Tributes paid to 'phenomenal Bromsgrove arts champion' Jennie who has died, aged 85 - The Bromsgrove Standard

Tributes paid to 'phenomenal Bromsgrove arts champion' Jennie who has died, aged 85

Bromsgrove Editorial 10th Oct, 2023   0

TRIBUTES have been paid to Bromsgrove arts champion Jennie McGregor-Smith BEM who died suddenly last month at the age of 85.

Jennie’s death brought immense shock and sadness to all who knew her.

She was full of life with a kind and generous spirit.

Since her death, heartfelt tributes have poured in from individuals and organisations with great appreciation expressed for her immeasurable contribution to arts and culture in Bromsgrove and the West Midlands.

Jennie was an expert organiser of events and concerts, a persuasive fund-raiser and played pivotal roles in founding several well-known local organisations.

Her talent for research resulted in the publication of four detailed and superbly illustrated local history books.

Jennie was born in Leatherhead in 1938 and moved to Bromsgrove with her husband John in 1966.

They lived at Coombe Cottage in Finstall where they raised their children Graham and Heather.

Jennie remained in the family home after her husband’s death, moving to Bilberry Place last year.

Her love for Finstall is reflected in the book The Story of Finstall, the 1640s to the 1940s, which she published in 2018.

Jennie’s professional life included administration for Worcestershire Wildlife Trust, being Artistic Director of Huntingdon Hall in Worcester and she was a Case Worker for the Victorian Society – responsible for buildings within the Bromsgrove District.

Outside of this, Jennie was heavily involved in the world of music and the arts.

WORDS was co-founded by Jennie, Kate Shaw and Margaret Cooper in 1979 to bring literature events to Bromsgrove. Its first meeting was held in Hanbury Hall.

Margaret with Kate Shaw and Jennie McGregor-Smith at WORDS’ 40th anniversary in 2018. s

The list of speakers invited by the group has been breathtaking. As well as writers with local links such as Jonathan Coe and Geoffrey Hill, they have welcomed hundreds of other authors and poets, including PD James, Andrew Motion and Zadie Smith.

Bromsgrove Society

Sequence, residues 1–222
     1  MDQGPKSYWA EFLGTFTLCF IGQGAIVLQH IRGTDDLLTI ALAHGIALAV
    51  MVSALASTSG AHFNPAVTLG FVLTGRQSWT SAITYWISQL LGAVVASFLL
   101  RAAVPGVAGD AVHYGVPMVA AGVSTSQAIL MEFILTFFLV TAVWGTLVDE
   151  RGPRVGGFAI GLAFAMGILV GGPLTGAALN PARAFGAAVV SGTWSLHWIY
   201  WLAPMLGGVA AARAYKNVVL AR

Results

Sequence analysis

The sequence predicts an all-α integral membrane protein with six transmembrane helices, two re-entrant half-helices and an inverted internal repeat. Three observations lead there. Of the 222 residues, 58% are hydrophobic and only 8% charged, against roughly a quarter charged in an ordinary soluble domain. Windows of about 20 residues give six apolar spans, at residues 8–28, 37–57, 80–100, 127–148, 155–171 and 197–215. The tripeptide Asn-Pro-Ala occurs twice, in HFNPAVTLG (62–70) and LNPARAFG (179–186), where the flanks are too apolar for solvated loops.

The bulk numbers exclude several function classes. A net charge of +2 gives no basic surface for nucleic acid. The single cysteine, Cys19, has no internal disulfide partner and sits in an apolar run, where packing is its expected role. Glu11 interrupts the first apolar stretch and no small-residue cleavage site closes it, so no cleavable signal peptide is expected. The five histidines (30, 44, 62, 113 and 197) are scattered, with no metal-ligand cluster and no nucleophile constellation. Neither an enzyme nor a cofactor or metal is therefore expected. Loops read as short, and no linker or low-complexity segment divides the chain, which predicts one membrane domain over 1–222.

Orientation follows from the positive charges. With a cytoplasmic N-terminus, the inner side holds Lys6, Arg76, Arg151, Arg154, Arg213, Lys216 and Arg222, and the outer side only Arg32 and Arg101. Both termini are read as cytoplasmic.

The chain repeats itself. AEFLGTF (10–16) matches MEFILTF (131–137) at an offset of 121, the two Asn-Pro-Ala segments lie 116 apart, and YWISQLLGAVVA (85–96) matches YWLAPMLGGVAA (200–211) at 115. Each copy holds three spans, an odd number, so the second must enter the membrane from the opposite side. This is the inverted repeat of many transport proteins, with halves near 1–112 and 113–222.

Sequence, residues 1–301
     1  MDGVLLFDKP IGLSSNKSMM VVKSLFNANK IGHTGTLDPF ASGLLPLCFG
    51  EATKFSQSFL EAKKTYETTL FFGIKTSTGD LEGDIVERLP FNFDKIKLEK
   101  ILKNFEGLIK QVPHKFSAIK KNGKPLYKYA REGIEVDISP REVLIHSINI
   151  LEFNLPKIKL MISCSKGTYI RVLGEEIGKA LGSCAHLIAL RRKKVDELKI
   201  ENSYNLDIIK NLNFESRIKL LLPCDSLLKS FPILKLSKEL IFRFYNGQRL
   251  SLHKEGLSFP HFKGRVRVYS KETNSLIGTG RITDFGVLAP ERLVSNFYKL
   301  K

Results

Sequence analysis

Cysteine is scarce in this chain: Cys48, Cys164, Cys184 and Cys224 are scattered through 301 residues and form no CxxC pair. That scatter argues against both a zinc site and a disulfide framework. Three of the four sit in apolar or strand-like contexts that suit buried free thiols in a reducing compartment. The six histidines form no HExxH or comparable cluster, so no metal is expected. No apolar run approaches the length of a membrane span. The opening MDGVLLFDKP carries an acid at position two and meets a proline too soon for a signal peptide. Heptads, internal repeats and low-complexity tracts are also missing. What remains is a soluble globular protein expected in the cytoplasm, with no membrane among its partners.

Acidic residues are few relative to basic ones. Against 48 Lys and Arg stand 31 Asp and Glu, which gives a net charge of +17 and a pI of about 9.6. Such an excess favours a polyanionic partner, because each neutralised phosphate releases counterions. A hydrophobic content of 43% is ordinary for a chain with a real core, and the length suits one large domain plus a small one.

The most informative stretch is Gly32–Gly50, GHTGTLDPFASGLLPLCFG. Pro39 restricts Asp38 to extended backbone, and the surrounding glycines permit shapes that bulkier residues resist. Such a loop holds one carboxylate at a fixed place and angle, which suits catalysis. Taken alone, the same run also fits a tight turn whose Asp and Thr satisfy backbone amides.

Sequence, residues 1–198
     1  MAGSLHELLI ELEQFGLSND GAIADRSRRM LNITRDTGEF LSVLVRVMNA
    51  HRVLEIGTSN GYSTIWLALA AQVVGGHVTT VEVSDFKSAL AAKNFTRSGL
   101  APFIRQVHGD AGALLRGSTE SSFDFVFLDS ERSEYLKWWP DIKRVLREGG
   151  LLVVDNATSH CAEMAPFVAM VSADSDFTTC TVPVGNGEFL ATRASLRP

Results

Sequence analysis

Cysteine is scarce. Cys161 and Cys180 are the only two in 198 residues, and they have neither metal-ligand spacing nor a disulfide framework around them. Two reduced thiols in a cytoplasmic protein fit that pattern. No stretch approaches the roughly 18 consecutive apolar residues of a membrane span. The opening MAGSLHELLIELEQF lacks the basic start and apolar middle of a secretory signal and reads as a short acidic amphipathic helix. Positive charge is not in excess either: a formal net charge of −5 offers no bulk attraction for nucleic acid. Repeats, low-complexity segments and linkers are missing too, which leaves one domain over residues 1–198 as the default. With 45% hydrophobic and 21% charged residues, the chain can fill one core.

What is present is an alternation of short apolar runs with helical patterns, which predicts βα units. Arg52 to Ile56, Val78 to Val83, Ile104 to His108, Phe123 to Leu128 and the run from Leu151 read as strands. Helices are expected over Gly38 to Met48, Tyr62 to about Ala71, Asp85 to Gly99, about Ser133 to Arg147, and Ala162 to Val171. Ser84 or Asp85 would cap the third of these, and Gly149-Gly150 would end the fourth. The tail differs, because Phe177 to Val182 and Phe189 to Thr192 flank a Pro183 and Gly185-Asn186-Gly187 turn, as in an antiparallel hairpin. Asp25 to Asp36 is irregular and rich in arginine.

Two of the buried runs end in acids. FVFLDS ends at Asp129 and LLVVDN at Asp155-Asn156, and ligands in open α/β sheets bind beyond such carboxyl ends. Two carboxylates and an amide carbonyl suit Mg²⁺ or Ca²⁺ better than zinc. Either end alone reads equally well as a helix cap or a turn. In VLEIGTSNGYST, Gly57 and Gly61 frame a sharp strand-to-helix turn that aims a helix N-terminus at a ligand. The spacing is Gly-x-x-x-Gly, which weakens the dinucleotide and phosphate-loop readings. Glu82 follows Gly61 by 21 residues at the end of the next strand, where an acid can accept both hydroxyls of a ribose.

In February 1980, stimulated by the loss of the Almshouses in Stratford Road and other prominent historic buildings in the town centre, Jennie wrote to the local press in response to Christopher Pancheri’s letter on the issue.

Together they proposed a Civic Society, recruited others to form a steering group and then a committee.

Just three months later the Bromsgrove Society was launched with more than 200 Bromsgrove residents attending to hear about its plans.

Jennie remained an active member of the Society, campaigning to save the historic environment which she cared about passionately.

Housman Society

Jennie joined The Housman Society committee in 1987 when Jim Page took over the chairmanship and began a new era.

Vibrant years followed for the society, leading up to the centenary of the publication of A Shropshire Lad in 1996.

The full celebration programme included a literary weekend in Ludlow packed with notable speakers, a musical weekend in Bromsgrove, a special performance of the CBSO at Ludlow, conducted by Sir Simon Rattle with Thomas Allen, a commemoration in Westminster Abbey, events at St John’s College, Oxford and University College London, a National Poetry Competition and the commissioning of song settings, and books.

Jim Page said: “Jennie made a very significant contribution to the celebrations.

“It began in 1991 when she took on the role of fund-raiser and programme director to the centenary sub-committee.

“She was amazingly successful in raising funds – something which requires special skills.

“She obtained vital grants and the success of Jennie’s fund-raising ensured the Housman Society remained in a healthy financial position for years to come.

“She co-ordinated all the activities and maintained a flow chart showing the detail of who was doing what and when.

“She worked tirelessly at administration, phoning, writing, typing, designing programmes, brochures and leaflets.

“Everything she did was of professional quality.”

Bromsgrove Concerts

Celebrating their 60th Season in 2023, Bromsgrove Concerts is indebted to Jennie for her help in bringing so much wonderful classical music to the town, since it was established in 1963, as well as her welcome collaboration on the History of Bromsgrove Concerts publication.

Bromsgrove Concerts Chairman Alastair Moseley said: “Jennie was an ever present figure in everything arts and music in Bromsgrove and was hugely loved and respected by everyone for all that she had done to promote high quality music and art, and unlocking the local talent of the town.

“She brought artists of international repute to Bromsgrove to perform, she helped to establish a much needed centre for music and arts here and she always seemed to attend every concert that took place in the town.

“She laid some very strong foundations in music and arts for her successors to build on, including me, for which I personally will be forever grateful.”